The implementation of the Supplemental Adaptive Intra-Volume Low-Level Scan (SAILS) for the 88D radars presented a problem for the WDSS-II ingestor ldm2netcdf because it relied on VCP definitions stored in XML configuration files. Those XML files defined which elevations matched up with each tilt. However, SAILS can insert a supplemental 0.5 degree scan into the existing VCP at any time. With no changes, ldm2netcdf would incorrectly label the new 0.5 tilt as the next expected tilt as defined in its VCP XML file.
To solve this problem, ldm2netcdf now processes Message 5 in the Level-II data stream (the RDA Volume Coverage Data) to map each incoming tilt to the correct elevation. The new 0.5 elevations get correctly labeled and saved just like any other 0.5 tilt.
Algorithms listening to 0.5 elevations will be notified of these new tilts just like normal. Algorithms that listen to all tilts will insert them into the constantly updating virtual volume as the latest 0.5-degree tilt of data for that elevation. So, with the change to ldm2netcdf, downstream algorithms such as w2qcnndp, w2vil, w2merger, etc. deal with the SAILS tilt transparently.
If you do not want the SAILS elevation to be inserted into the data stream, you can specify the ‘-e’ option on the command line of ldm2netcdf to separate out the extra SAILS tilts. The SAILS tilts will then be saved into a separate directory, such as Reflectivity_SAILS, or AliasedVelocity_SAILS. We do not recommend this, as you are essentially throwing away the extra information.
Finally, we took this opportunity to eliminate some outdated command line options in ldm2netcdf. First, is the ‘-D’ option for dealiasing. The dealiasing code in ldm2netcdf is very old and the dealias2d command provides much better results. Second, the ‘-c’ for compositing will be removed since w2vil does a much better job creating composites.
The new changes are being tested and will be rolled out when all the kinks are worked out.
In the past, in order to create a volumetric product in WDSS-II, it was required that the VCP used by the radar be known. This was not a problem for users working with data from the WSR-88D network, but for those utilizing data from outside of that network, a few extra steps were required, including the creation of a “fake” VCP file that contained the levels at which the radar had scanned.
However, the WSR-88D network recently adopted two new concepts to its scanning strategies. The Automated Volume Scan Evaluation and Termination (AVSET) concept allows any site to not perform higher-elevation scans when no storms are detected. The Supplemental Adaptive Intra-Volume Low-Level Scan (SAILS) gives radars in the 88D network the capability of adding in a supplemental 0.5 degree scan at any time.
While AVSET and SAILS have many advantages to them, the combination of these concepts have made using the VCP of a radar to help build volumetric products unreliable. Therefore, rather than depending on the VCP to build virtual volumes, we have taken the VCP dependence out of all of our products. This means that when working with data from outside of the WSR-88D network, including data from outside the US, users no longer need to create these “fake” VCP files, nor does the VCP need to be defined in the data. Users simply need to be sure that an appropriate expiry time for each scan is specified (using the ExpiryInterval attribute in the netcdf files) to ensure that old data ages off in a timely fashion.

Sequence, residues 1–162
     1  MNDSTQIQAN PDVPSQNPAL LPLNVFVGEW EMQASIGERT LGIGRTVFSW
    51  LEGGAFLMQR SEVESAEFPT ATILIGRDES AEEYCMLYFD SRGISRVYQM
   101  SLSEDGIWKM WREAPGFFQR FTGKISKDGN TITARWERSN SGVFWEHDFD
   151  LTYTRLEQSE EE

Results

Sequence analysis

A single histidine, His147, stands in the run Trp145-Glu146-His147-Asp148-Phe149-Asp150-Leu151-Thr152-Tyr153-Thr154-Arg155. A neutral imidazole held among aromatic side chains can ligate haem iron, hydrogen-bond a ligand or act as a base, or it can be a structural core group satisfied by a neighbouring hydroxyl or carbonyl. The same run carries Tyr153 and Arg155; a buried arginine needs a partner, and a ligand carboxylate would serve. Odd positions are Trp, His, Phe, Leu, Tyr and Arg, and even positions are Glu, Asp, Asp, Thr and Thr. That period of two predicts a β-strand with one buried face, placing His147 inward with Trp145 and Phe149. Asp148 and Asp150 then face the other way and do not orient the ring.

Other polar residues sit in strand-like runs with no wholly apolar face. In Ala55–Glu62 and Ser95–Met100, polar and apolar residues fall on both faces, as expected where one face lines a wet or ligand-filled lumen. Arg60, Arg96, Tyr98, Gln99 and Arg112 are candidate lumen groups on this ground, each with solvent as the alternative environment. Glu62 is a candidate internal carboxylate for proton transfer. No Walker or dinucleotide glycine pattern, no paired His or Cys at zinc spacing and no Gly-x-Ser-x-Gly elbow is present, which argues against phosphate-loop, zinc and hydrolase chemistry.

One of the best ways to improve the quality of the Rotation Tracks products is to apply spatial QC using hysteresis and temporal QC using Multiple Hypothesis Tracking.
Unfortunately, this used to be quite slow. An hour of azimuthal shear data covering the CONUS could take as much as two hours to process. Therefore, it was used only in research studies and off-line, but not to produce the post-event rotation tracks that you can download from http://ondemand.nssl.noaa.gov/
w2accumulator’s -Q option now supports two vastly more efficient optimizations. You can specify that the number of hypothesis is 1 (meaning to only keep the best track, and not bother about second-best, third-best, etc.) or that the algorithm should retain all potential tracks (specifying -1 for number of hypotheses). These are the most likely values that you will want to specify and with these, the algorithm runs 20x faster. Yup, you can now process an hour of data in about 6 minutes.
CPU Time (microseconds)
You used to have only the first two options for -Q available. Now, you have two more, and these two “special” values are highly optimized.
What’s the impact of these options? (Open the images in different tabs in your browser and switch between them so that you can see the differences between the last two images more readily)
For more details about MHT-QC and its application to rotation tracks products, please see these scientific articles:
w2qcnndp is a WDSS-II algorithm that employs polarimetric moments to do quality-control of weather radar reflectivity data. Single-pol QC (via w2qcnn) has lots of problems distinguishing bioscatter from light precipitation, but polarimetric moments (variance of Zdr, especially) help w2qcnndp outperform w2qcnn in terms of removing bioscatter. If you are using w2qcnn on US weather radar data from after the polarimetric upgrade, you should definitely start using w2qcnndp instead.
w2qcnndp used to have lots of problems with electronic interference and with sun spikes. Recently, we added two modules to w2qcnndp (they are turned on by default; use -m “-sunstrobe -electronicinterference” to turn these off). Here are a couple of examples to show the impact of these modules.
First, electronic interference:
w2qcnndp used to have problems with sun spikes (sun strobes) that were connected to valid echoes, but this has been improved:
For more details about w2qcnndp, please refer to the following two scientific articles: